How would members of the Obama administration have reacted to racist pressure from the Deep South in the early '60s? Would they have fired Justice Department civil rights monitors who antagonized hard-line segregationists?
For those of us with long memories, this is one of the key questions posed by the firing of Shirley Sherrod in a fit of official over-reaction to the shameful right-wing blogger Andrew Breitbart. It is true that the administration reversed course quickly after the true story was revealed, but that the Obama administration can be spooked so easily by Glenn Beck and FOX News raises a serious question: if they are so tough on national defense, drugs and crime, where is their resolve against the deceitful attack dogs of the right?
My introduction to virulent southern racism came in 1961 when I ventured to Albany, Georgia, first to write an article about the Deep South organizing done by the Student Nonviolent Coordinating Committee [SNCC] and, second, to become a freedom rider on a train to Albany that December.
It was then I met, and came to admire, a brave young civil rights worker named Charles Sherrod, whom everyone in the movement simply called "Sherrod." Albany was a segregated town near Plains, Georgia, and the home of Hamilton Jordan who went on to become Jimmy Carter's chief of staff. Sherrod was the kind of front-line young militant who eventually brought about the New South of Carter, Bill Clinton and Al Gore, among others. Sherrod had to face violence, and the possibility of death, every day in his effort to mobilize young people and their parents against the suffocation of fear.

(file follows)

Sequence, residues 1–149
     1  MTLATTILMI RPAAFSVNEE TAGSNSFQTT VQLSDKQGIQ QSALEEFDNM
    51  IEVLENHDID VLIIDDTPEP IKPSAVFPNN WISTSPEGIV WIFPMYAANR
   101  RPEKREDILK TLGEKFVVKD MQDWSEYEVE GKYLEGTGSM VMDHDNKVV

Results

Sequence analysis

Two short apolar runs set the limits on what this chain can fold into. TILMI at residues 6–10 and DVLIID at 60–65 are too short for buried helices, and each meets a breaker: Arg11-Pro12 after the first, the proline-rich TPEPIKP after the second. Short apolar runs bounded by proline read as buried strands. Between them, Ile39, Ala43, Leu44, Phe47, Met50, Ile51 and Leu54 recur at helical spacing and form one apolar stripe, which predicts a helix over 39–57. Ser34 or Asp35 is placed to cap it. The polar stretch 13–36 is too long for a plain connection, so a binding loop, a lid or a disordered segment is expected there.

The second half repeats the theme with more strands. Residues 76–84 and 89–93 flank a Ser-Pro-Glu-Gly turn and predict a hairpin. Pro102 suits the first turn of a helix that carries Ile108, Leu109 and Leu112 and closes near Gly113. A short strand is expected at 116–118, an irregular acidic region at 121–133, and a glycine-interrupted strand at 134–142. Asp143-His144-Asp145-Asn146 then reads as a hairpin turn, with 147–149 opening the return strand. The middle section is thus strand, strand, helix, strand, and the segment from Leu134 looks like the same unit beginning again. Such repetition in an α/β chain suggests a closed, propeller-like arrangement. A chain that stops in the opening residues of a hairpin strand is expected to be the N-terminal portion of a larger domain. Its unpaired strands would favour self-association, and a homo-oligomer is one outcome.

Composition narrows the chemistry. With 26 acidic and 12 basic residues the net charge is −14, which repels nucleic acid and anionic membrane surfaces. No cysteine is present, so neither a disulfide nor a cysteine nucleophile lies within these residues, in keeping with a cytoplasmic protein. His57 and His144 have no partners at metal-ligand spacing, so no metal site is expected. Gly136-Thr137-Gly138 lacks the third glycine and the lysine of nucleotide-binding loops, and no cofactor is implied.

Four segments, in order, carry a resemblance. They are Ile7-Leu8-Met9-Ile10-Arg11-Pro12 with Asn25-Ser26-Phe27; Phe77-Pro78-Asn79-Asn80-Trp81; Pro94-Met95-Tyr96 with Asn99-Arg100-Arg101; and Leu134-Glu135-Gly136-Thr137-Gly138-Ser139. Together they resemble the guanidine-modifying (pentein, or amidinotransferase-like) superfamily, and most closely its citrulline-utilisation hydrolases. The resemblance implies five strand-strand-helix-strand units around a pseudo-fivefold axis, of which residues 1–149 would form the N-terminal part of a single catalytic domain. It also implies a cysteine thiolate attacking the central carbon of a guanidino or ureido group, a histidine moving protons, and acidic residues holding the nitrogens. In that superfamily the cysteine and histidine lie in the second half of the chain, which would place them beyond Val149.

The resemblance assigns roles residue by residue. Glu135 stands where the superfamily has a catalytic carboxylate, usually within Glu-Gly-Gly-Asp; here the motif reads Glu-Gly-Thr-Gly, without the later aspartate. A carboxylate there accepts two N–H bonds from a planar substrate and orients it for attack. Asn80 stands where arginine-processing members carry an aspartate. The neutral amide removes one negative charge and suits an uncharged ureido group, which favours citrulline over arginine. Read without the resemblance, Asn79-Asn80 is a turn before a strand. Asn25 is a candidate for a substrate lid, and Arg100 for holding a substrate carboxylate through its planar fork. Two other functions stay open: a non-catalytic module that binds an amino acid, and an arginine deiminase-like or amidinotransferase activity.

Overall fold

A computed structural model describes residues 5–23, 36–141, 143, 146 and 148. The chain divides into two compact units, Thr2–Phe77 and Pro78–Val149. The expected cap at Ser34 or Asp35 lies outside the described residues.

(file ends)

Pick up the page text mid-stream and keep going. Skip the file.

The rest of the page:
Sherrod, and his equally committed wife Shirley, made a conscious decision to stay in rural Georgia long after the voting rights laws were passed and the national media departed. I left Albany after my two brief and harrowing experiences in 1961, and never returned until I spoke at commemoration of the Albany civil rights movement a few years ago. The Sherrods were still there. She was engaged in programs supporting rural farmers, while he had served on the city council and was a minister in a nearby state prison. There were 500 people at the event, the stalwarts of the past.
So Shirley Sherrod's life cannot be reduced by a dishonest and amoral right-wing blogger into a few seconds of videotape 25 years old. She is one of many thousands who had the force of character to face racist abuse, and seemingly immovable state power, when they were demonized and disenfranchised. They were the trees standing by the water, and they would not be moved. They tried to bring their morality to politics, not accept the politics of Machiavelli.
Our leaders today could learn from this strength of long ago. In fairness, government officials and leaders of large organizations, who are beneficiaries of the Southern civil rights legacy, have institutional reputations to protect. They should avoid needlessly provoking the right, and have every right to pick their fights intelligently. But years of battering from the right have bred a defensive anxiety in the ranks of too many Democratic liberals. They flinch before they fight. It's almost as if they internalize the right-wing refrain that they are weak, tea-sipping elitists. They give far greater consideration to conservatives, militarists and bankers who rarely vote for them than to the millions of activists in social movements who actually made their power possible.
This is a moment when roots should be remembered, recovered from oblivion and venerated, not airbrushed out of history and polished resumes.